Two feet of snow closes highways, grounds flights
The storm encouraged one ski resort to announce it is opening in a week.
DENVER (AP) -- The biggest October snowstorm to hit Colorado in several years dumped more than 2 feet Thursday, grounding flights, closing highways, knocking out electricity -- and jump-starting the ski season.
The storm began late Wednesday and turned highways wet and slushy across the state. At one point, snow was falling at a rate of about 3 inches an hour in Denver. A 125-mile corridor from Colorado Springs to the New Mexico line was under a blizzard warning.
Denver International Airport got 5 inches, and more than 110 flights were canceled. Some suburbs reported up to 10 inches of snow that fell at about 3 inches an hour before the storm moved east onto the Plains, where it caused more trouble.
A 150-mile stretch of Interstate 70 was closed from Denver to Burlington, near the Kansas line, after falling temperatures turned slush to ice.
"There's an awful lot of trucks jackknifed in the median or across the road," said Dick Hormann, who was waiting out the delay at the Flying J Travel Plaza restaurant in Limon, about 70 miles southeast of Denver. "There's a lot of rigs across the road in both directions."
On the wide-open Plains, residents and emergency managers braced for blowing snow and wind up to 45 mph. Red Cross officials sent supplies to Byers, about 30 miles east of Denver, in case the weather stranded travelers along I-70.
The storm shut down dozens of schools, courthouses, voting centers and even chased office employees home early from a sheriff's office. Small towns in the mountains and foothills just west of Denver appeared to get the heaviest snowfall, with Evergreen reporting 25 inches and Conifer reporting 22 inches with 4-foot drifts. Two feet fell in Rocky Mountain National Park.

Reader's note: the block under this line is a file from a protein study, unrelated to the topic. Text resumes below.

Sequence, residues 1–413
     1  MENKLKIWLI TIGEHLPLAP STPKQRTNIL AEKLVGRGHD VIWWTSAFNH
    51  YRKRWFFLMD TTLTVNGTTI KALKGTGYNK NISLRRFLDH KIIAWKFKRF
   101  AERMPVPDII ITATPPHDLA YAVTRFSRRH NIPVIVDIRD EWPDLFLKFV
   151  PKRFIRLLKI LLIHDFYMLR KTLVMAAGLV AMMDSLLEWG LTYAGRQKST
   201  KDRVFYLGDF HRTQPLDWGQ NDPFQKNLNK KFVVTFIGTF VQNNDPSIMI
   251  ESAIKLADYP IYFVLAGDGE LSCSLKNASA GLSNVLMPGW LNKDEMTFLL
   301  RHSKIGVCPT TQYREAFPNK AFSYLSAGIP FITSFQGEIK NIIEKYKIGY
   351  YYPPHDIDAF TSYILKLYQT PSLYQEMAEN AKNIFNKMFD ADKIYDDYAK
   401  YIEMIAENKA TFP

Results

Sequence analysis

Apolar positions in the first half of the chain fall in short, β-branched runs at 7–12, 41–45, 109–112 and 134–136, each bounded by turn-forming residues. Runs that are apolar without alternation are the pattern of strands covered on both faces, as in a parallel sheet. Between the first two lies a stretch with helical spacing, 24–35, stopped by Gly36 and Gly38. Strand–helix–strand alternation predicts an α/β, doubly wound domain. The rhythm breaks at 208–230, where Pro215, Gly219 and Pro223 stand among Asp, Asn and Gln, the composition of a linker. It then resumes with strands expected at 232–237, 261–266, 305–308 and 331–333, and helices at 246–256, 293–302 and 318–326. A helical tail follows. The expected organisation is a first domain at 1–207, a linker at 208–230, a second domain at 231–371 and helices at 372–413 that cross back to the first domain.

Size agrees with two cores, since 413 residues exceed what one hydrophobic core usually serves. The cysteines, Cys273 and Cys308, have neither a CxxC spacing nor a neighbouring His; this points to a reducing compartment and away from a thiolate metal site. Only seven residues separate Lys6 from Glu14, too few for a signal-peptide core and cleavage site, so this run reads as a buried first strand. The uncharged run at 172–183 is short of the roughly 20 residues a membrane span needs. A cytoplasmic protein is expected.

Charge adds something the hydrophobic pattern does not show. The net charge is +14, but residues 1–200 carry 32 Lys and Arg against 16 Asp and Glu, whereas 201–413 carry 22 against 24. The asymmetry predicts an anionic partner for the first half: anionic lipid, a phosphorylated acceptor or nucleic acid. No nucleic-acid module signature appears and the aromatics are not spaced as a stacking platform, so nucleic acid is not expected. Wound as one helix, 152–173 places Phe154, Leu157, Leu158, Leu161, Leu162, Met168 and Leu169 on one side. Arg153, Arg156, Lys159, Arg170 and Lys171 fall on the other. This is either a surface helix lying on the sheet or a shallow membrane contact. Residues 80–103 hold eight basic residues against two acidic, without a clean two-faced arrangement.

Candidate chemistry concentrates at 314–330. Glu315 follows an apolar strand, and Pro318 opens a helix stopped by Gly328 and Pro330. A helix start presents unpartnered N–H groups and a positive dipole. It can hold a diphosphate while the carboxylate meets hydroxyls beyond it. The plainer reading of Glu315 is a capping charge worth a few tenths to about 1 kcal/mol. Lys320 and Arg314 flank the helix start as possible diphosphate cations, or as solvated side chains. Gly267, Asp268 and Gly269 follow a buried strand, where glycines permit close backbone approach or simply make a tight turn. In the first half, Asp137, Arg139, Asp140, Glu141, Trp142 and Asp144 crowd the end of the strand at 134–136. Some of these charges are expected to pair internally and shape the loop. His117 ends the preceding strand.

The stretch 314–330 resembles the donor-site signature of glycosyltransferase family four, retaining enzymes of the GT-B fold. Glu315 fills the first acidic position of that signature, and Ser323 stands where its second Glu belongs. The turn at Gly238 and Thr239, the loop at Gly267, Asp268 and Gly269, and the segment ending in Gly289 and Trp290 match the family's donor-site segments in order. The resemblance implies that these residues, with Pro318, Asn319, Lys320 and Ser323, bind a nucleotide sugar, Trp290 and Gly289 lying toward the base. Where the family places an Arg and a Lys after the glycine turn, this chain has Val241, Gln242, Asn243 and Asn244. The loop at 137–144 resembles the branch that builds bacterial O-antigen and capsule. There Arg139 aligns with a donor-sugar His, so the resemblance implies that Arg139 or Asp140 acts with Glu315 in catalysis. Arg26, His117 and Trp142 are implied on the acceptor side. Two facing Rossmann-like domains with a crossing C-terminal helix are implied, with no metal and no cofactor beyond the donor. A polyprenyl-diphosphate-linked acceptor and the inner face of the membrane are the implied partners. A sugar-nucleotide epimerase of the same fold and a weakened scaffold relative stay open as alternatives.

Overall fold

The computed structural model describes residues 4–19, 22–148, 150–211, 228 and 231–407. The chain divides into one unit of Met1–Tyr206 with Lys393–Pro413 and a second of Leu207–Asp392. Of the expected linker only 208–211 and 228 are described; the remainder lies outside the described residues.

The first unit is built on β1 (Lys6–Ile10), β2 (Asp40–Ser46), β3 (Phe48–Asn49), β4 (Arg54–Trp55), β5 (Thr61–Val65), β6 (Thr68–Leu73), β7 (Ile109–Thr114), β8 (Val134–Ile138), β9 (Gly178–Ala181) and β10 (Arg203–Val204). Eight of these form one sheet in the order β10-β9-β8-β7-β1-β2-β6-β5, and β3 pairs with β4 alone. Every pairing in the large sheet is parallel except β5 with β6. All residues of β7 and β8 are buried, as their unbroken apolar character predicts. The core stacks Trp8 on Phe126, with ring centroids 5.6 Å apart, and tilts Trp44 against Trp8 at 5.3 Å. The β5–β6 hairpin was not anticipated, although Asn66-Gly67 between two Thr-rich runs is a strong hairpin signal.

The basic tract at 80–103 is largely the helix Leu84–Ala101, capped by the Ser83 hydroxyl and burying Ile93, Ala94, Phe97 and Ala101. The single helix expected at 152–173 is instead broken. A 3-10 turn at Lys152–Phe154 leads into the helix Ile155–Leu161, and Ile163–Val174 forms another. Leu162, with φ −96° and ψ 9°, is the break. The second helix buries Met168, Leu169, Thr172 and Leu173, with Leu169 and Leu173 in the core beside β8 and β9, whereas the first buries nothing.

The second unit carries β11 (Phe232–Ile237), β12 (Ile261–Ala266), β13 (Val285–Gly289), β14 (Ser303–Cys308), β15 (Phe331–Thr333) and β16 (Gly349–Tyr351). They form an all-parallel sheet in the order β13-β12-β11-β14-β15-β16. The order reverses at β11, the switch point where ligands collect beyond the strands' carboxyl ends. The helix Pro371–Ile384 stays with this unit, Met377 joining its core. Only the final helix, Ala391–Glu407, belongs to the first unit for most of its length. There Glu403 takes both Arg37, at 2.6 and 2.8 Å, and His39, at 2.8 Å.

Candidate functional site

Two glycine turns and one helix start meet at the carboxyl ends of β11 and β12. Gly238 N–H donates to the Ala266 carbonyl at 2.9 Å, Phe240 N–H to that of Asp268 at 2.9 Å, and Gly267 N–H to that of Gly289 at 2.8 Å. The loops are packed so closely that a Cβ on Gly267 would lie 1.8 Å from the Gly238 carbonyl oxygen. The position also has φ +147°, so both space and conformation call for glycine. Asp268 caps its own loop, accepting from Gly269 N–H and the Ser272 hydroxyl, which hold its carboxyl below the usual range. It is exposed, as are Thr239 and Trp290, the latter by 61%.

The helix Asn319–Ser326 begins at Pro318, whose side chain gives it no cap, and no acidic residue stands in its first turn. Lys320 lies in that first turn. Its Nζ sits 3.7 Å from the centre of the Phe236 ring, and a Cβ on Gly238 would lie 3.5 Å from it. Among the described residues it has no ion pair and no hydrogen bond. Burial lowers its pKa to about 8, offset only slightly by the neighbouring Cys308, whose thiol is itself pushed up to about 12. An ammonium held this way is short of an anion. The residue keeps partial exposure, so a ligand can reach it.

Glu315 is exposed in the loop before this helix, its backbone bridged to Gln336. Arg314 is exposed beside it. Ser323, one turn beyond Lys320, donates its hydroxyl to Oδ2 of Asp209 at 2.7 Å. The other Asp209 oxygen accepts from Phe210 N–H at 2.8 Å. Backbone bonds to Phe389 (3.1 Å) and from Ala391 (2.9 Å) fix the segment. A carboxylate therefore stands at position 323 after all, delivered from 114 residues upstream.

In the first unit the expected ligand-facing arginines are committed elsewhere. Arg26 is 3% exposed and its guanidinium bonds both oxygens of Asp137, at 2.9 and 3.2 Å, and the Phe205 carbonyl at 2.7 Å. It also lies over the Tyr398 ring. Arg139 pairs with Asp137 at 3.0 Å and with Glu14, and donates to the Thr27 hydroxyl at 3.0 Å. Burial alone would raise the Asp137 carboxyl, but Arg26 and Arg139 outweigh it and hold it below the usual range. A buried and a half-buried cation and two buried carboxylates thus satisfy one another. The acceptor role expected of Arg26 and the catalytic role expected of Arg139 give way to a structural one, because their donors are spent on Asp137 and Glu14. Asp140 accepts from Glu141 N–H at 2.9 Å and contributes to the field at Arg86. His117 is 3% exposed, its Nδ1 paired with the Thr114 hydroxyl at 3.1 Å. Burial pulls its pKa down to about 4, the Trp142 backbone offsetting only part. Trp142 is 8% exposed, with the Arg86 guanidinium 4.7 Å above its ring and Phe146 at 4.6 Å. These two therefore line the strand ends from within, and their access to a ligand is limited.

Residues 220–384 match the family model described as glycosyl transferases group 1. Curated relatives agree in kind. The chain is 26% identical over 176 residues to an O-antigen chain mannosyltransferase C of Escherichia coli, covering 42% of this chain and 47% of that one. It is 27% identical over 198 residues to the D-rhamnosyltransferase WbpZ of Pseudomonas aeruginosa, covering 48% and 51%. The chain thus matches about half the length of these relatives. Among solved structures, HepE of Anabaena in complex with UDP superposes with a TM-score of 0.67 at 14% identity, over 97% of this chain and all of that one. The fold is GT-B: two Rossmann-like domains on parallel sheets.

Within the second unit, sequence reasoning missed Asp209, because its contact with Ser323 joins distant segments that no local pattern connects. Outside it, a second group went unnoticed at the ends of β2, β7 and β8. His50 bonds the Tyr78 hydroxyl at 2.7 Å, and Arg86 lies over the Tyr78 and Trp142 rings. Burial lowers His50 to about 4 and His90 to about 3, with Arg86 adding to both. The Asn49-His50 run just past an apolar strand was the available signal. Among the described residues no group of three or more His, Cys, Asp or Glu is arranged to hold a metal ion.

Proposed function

Up to 45,000 customers in Denver, Colorado Springs and Boulder lost electricity as snow-laden trees and branches gave way, taking down power lines.
At least one resort, Keystone, announced it would open Nov. 3, a week earlier than planned.
"This storm really put them over the top," said Molly Cuffe, a spokeswoman for the industry group Colorado Ski Country USA.
The storm also was welcome for water utilities and farmers, as the closely watched mountain snowpack -- which provides much of the state's water -- got an early boost.
"We've probably got a good three-week jump on the season," said Mike Gillespie of the federal Natural Resources Conservation Service, which tracks Colorado's mountain snow.
Large October snowstorms are common in Colorado, but this was the strongest in several years, National Weather Service spokesman Carl Burroughs said.
"We haven't had a real good storm like this in a while," he said. "It dumped a lot of snow pretty quick and then moved on."
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